Sony WF-1000XM4 Headphones review: Incredible sound but for a price
Quick verdict: The Sony WF-1000XM4 headphones offer incredible sound quality and noise cancellation for earbuds – and the battery life is excellent. But for the price, I want them to be smaller and more comfortable for long listening sessions.
- Incredible sound
- Best in class noise cancelling
- Great battery life
- Water resistance
- Not the most secure in ear
- Comfort for long listening sessions needs work
Over the last few years, Sony has become synonymous with near-perfect noise-cancelling headphones. Yet the company still managed to surprise us when it upped the ante with its true wireless noise-cancelling earbuds back in 2019.
Somehow, it managed to squeeze the best parts of its over-ear WH-1000XM3s into an earbuds form factor.
And 2 years later, the second generation of these buds have hit the market. This led me to wonder whether there have been enough changes to make upgrading worth it. Spoiler: The answer is yes.
The previous generation of these headphones had 1 distinct design flaw – size.
The case is a bulky rectangular number that can’t be easily slid into a back pocket. This is a stark contrast to the much slimmer AirPods Pro case.
The new WF-1000XM4 case is thankfully smaller, though still nowhere near as slim as its Apple counterpart.
Similarly, the 2019 buds were also large and rectangular to the point of looking comical on the ear. This time around they still stick out, but offer a smaller, more rounded design. This has led them to be far more comfortable to wear for long periods of time. However, I still found my ears aching after a few hours – a problem I have never had with stemmed earbuds like AirPods. If long-term wear is particularly important to you, you might want to check out our reviews of the Jabra Elite 3 , JBL Live Pro+ TWS and Nuratrue earbuds.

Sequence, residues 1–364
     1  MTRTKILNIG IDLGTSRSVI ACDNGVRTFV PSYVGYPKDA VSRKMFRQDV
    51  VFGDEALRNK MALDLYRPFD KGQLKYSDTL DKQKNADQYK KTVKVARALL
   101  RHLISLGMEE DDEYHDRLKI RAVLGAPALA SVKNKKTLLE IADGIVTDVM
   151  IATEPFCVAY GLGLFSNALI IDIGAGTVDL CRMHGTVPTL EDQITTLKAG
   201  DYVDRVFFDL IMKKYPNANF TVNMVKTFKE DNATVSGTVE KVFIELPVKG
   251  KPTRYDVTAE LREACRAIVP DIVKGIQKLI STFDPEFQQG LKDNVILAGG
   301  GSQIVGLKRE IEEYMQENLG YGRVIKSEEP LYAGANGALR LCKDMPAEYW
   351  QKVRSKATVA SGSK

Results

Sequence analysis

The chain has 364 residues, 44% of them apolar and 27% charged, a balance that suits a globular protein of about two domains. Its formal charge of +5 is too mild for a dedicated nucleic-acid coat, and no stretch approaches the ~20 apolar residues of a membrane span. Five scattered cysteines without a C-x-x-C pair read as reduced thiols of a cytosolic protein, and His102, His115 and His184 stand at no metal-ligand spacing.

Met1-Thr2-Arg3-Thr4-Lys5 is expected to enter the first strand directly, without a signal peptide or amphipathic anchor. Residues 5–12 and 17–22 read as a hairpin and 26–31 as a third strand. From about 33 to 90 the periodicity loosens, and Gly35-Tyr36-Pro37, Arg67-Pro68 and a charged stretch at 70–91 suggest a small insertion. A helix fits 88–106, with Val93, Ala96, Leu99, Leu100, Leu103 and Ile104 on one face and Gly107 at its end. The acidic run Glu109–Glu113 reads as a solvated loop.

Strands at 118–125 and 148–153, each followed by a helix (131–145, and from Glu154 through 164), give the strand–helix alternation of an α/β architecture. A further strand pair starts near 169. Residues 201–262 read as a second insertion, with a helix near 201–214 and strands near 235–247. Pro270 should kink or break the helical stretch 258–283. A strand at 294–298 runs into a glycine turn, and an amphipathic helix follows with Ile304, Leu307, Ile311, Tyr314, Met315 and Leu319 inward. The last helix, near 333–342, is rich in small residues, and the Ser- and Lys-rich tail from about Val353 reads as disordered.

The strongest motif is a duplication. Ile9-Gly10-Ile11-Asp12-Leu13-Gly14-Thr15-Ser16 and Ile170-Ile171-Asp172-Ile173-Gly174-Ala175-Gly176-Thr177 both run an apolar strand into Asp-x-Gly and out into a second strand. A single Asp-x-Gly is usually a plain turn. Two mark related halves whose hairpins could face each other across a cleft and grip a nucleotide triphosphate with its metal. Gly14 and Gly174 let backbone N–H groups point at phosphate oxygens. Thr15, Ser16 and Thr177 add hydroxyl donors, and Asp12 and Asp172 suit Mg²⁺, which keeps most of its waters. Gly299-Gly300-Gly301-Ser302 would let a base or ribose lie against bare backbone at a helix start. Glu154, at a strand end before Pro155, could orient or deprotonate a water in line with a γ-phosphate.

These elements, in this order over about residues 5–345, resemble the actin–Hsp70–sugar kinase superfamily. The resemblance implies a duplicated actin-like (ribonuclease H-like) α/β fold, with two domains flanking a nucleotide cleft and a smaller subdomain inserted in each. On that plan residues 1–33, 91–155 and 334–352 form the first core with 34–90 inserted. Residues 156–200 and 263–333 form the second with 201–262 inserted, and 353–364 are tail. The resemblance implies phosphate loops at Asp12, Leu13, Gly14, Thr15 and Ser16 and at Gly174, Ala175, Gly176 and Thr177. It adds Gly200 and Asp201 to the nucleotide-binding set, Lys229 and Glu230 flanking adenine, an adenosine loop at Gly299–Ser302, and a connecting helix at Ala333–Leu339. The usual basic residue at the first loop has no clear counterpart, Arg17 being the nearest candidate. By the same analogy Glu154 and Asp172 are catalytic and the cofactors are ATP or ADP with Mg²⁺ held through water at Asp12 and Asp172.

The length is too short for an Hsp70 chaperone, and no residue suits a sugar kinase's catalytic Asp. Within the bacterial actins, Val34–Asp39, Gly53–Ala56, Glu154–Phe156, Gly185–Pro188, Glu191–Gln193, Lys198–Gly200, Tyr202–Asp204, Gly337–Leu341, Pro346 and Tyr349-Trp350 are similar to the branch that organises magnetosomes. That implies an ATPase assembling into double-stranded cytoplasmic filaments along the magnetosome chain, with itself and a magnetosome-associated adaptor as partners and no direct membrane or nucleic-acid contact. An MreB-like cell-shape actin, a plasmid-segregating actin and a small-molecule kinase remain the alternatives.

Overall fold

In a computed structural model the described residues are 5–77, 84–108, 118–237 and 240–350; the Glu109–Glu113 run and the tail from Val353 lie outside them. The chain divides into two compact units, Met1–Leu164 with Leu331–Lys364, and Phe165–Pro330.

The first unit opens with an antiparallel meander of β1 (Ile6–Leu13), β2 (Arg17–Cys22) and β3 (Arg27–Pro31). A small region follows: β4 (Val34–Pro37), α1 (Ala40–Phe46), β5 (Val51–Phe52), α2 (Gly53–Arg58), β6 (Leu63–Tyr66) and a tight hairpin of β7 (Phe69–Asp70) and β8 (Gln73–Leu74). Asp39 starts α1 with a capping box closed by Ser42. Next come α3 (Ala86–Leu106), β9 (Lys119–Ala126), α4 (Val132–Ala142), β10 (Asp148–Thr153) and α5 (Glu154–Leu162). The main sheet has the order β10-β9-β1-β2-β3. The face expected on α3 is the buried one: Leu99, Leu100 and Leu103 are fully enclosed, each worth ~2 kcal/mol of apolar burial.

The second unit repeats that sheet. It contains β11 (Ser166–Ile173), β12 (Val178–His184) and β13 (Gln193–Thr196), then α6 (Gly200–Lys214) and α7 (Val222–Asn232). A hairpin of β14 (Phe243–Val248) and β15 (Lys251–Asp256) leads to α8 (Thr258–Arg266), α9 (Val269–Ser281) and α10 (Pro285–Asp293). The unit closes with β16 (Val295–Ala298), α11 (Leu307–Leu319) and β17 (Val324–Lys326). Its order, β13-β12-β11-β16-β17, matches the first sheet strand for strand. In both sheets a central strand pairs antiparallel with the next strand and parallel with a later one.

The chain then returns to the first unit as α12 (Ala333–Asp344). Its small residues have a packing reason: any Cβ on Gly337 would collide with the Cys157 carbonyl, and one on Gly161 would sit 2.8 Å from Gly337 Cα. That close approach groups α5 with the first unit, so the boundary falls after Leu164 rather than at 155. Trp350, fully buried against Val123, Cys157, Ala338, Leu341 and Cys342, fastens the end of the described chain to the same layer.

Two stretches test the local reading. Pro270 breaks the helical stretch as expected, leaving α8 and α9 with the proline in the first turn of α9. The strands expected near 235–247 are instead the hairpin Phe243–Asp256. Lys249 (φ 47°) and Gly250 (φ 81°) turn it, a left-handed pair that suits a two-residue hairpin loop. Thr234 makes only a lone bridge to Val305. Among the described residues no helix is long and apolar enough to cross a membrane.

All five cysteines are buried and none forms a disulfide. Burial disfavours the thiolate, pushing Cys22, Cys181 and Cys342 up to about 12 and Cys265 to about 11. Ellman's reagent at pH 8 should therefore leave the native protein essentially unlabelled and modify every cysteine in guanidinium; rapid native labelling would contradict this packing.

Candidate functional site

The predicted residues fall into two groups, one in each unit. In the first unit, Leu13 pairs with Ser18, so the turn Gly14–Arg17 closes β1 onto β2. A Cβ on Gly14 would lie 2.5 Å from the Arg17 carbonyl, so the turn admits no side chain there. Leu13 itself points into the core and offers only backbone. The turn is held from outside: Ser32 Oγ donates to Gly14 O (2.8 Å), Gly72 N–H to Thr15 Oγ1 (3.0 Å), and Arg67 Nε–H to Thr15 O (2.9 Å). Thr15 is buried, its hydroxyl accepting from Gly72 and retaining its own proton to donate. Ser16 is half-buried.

This design is also not particularly secure in the case of vigorous exercise. To be fair, this is not what they were designed for, but at a $449.95 price point I’d like these to feel a bit more snug in the ear.
On the plus side, the box does contain 3 different tip sizes for all your ear canal needs. And perhaps best of all, this year’s earbuds actually have an IPX4 water resistance rating. This means they are splash, dust and sweat-resistant, which is an improvement on the previous generation. However, you still don’t want to accidentally take them for a swim in your pocket – they’re not waterproof.
The non-audio aspect of the WF-1000XM4 performance is a bit hit and miss.
The touch sensors are excellent, allowing you to perform different functions with just a few taps. This is thanks to the in-built sensors in the buds.
Tapping twice can receive or hang up a call, whereas a single tap controls ambient sound control. I found all of the different tap controls to work the first time and was pleased with the convenient functionality.
What is less than impressive are the connectivity issues. The initial set-up was not as fluid as it should be, with the buds themselves taking around 10 minutes to pair. While I have been using a pre-release set, this issue also occurred in the previous generation.
This will be a particularly stark contrast for anyone who is used to the immediate pairing offered by Apple between the AirPods and iPhones.
However, once it was paired, it was smooth sailing. The Sony Music Centre app, in particular, is worth playing with if you’re someone who likes to customise their audio. If you’re considering a premium pair of earbuds like these, you probably are.
Sony headphones are renowned for their sound quality, but there was still surprise at just how good the WF-1000XM3s actually were when they hit the market 2 years ago.
Despite being earbuds, the audio and noise cancellation were alarmingly excellent. Fortunately, they continue to be with the XM4s.
The buds do an excellent job at balancing low and high frequencies that are particularly beneficial for vocals as well as instrumental tracks.
Hans Zimmer’s "Now We Are Free" worked beautifully with the WF-1000XM4 headphones, delivering haunting vocals across both individual buds alongside the middling orchestral instruments.
"So Hot You're Hurting My Feelings" by Caroline Polachek had a similar performance, but with an electronic beat dominating the mids and a stunning grit vocal effect that felt like crackles of electricity against the eardrum. Gorgeous.
While the bass wasn’t as hectic as its over-ear counterpart, the WF-1000XM4 earbuds still do a good job. Rage Against the Machine’s "Killing in the Name" still managed to deliver a brutal bass as well as impressive guitar distortion through these little guys. And impressively, Zack de la Rocha’s vocals are quite clear, which is hard to accomplish with metal.